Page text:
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Monday, 11 February, 2002, 17:47 GMT
Winning the hard way
Paul Hunter lifts the B&H Masters title
Hunter - making the most of his talent at last
BBC Sport's Clive Everton says Jimmy White still has plenty to offer snooker.

Paul Hunter's dramatic 10-9 win over Mark Williams in the final of the B&H Masters makes him the first player since Stephen Hendry to retain the title.

The 23-year-old Yorkshireman did it the hard way.

It took him just over four hours to beat Peter Ebdon 6-5 in the quarter-finals and just under four to defeat Alan McManus 6-5 in the semis.


It gives me tremendous self belief
Paul Hunter

He was 5-0 down to Williams in an enthralling contest of five hours 32 minutes in which he remained fresh and confident enough to make decisive breaks of 72 and 65 in the last two frames.

"It gives me tremendous self belief," said Hunter, contemplating the rest of the season.

There follows back-to back world ranking events in Shanghai and Bangkok and reaches its climax with the Embassy World championship on BBC TV on 20 April-6 May.

Cliff Thorburn, Steve Davis and Alex Higgins are the only players in the event's 28 year history to have won it more than once.

Hunter has always had flair and fluency but recently it has been his coolness towards the end of close matches, which has caught the eye.

For snooker often starts to seem a different game when winning or losing becomes the immediate issue.

He likes to enjoy himself.


He's got the game and he's got the temperament
Stephen Hendry on Hunter

Early in his professional career, during a lengthy stay in Blackpool for a qualifying school, he landed in disciplinary hot water with a midnight streak along the promenade.

Four years ago he forfeited prize money and ranking points when he tested positive for marijuana, which is not considered performance-enhancing but is on the banned list nevertheless.

When he was only 17, he led Hendry 5-3 overnight before losing their UK quarter-final 9-5.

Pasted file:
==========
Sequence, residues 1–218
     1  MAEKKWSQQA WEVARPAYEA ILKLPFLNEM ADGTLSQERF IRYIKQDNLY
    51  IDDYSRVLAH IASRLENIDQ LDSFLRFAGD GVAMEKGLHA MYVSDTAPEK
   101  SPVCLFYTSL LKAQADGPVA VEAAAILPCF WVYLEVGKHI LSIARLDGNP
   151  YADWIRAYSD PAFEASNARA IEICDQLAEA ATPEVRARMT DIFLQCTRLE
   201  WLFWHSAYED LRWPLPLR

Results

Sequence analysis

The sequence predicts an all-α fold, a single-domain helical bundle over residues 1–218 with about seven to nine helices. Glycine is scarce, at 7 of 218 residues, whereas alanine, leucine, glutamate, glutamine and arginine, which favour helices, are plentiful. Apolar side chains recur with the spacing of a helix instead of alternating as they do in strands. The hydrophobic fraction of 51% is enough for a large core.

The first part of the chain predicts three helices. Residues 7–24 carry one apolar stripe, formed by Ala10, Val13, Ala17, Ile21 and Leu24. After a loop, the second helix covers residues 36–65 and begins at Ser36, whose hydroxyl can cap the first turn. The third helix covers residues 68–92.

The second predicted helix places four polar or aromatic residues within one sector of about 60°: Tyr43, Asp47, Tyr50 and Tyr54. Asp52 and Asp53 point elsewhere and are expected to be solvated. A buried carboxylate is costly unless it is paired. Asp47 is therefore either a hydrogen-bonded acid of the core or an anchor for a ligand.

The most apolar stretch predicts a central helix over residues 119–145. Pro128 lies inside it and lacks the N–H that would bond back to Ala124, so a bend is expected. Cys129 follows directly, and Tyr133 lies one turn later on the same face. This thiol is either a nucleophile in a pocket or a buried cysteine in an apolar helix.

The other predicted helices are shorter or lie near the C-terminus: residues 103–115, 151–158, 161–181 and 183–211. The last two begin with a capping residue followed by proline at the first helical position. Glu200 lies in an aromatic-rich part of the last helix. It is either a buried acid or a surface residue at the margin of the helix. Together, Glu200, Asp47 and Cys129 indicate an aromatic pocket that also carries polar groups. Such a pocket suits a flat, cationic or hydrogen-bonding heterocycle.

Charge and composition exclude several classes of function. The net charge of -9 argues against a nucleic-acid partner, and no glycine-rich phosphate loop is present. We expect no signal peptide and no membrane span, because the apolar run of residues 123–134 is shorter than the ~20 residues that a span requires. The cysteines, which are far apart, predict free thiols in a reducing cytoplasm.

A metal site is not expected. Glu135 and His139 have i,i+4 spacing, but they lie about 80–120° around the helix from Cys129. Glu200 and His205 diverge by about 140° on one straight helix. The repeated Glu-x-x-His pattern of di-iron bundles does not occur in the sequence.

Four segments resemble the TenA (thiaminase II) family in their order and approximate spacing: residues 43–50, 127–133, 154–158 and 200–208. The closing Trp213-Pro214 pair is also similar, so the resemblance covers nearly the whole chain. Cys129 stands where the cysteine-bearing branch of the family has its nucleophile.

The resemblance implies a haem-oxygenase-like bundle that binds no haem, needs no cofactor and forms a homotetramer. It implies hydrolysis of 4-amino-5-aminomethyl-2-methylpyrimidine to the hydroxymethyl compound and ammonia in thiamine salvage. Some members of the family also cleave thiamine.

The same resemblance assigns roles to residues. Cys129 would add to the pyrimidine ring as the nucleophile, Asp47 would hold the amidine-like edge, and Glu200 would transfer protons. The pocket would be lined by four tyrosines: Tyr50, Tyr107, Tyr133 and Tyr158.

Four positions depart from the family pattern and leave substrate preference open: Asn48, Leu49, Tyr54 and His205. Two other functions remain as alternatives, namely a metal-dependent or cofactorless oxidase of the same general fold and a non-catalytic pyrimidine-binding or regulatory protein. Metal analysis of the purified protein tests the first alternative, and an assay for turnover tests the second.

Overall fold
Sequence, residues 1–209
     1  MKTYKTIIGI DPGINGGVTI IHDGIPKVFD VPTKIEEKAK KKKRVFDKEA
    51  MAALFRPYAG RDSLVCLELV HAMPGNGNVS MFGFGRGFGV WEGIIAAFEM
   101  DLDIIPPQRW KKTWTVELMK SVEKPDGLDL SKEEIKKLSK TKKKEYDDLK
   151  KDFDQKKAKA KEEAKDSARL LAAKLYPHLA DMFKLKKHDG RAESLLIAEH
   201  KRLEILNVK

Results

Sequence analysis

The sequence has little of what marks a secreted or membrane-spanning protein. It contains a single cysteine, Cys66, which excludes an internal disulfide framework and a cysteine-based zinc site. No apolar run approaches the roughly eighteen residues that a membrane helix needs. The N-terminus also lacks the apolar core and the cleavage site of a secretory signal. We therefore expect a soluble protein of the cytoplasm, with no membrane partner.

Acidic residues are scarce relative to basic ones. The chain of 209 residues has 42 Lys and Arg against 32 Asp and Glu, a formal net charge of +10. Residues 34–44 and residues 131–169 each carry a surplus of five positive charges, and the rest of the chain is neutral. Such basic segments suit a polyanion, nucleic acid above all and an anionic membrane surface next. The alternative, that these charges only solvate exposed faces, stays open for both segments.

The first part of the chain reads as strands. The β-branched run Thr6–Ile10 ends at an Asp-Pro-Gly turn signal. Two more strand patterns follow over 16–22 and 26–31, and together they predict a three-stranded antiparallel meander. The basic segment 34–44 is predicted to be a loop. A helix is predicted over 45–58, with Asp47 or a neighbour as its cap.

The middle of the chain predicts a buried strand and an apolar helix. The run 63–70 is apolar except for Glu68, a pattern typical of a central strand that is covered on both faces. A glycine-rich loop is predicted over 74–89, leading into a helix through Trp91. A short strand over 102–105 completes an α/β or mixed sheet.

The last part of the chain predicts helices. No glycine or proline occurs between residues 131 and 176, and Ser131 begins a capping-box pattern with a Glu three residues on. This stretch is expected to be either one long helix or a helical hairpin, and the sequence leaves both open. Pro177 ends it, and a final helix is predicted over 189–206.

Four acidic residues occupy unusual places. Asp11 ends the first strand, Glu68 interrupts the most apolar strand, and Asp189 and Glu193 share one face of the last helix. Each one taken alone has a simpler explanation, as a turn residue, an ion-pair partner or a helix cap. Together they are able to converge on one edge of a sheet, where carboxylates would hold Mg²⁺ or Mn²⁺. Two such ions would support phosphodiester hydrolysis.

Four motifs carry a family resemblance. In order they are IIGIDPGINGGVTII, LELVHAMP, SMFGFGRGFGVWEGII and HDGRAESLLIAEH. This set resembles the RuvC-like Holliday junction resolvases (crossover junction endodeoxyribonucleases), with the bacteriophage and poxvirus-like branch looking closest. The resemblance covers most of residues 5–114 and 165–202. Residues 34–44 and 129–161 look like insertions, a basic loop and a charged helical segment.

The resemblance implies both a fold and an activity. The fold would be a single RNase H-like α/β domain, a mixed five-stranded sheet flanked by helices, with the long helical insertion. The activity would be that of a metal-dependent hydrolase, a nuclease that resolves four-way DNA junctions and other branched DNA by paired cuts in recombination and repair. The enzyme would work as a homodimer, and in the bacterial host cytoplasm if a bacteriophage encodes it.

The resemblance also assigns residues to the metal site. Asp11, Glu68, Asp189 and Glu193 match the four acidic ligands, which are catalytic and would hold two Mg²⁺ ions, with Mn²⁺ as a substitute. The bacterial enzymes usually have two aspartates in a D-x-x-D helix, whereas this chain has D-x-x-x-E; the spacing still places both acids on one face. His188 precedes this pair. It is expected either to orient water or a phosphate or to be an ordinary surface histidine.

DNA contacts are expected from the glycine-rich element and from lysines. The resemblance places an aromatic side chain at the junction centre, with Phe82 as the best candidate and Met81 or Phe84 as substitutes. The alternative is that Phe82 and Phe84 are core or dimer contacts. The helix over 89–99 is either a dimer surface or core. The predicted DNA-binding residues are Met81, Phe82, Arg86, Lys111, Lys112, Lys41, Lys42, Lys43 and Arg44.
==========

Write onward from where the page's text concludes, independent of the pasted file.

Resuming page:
"He's got the game and he's got the temperament," was Hendry's verdict.

That was the year in which he became - as he remains - the youngest ever world ranking tournament semi-finalist and won that event, the Regal Welsh open, when he was 19.

At the end of last month, he won it again.

For a couple of years, he tended to overdo the late night carousing and underestimated how much he needed to practice to make further progress.

But, virtually out of the blue, he won the Masters last year beating Hendry in the semis and Fergal O'Brien, from 7-3 down, 10-9 in the final.

Hunter cheerfully admitted that he had spent the interval between afternoon and evening session's lovemaking with his girlfriend.


Defeat is invariably disappointing but especially hard to take after being a long way in front.
Clive Everton on Mark Williams

In turning impending defeat into victory, he made four centuries in six frames.

Down 5-3 to Williams at the interval on Sunday, Hunter repeated last year's tactic.

"I did exactly the same again. It seems to work."

Defeat is invariably disappointing but especially hard to take after being a long way in front.

Mike Hallett led Hendry 7-0 and 8-2 in their 1991 Masters final and not only lost 9-8 but found that his house had been burgled during the match.

For Williams to lose 10-9 from 5-0 up was not quite on that scale, but even so, it was a blow, because the 2000 World champion, despite reaching four finals and six semis, has not won a title for 16 months.

"I'm sick. I've been hammered in a few finals but I've thrown his one away," said Williams.

"A defeat like this could send me back to square one. I've got to try to put it out of my mind but it'll be tough."


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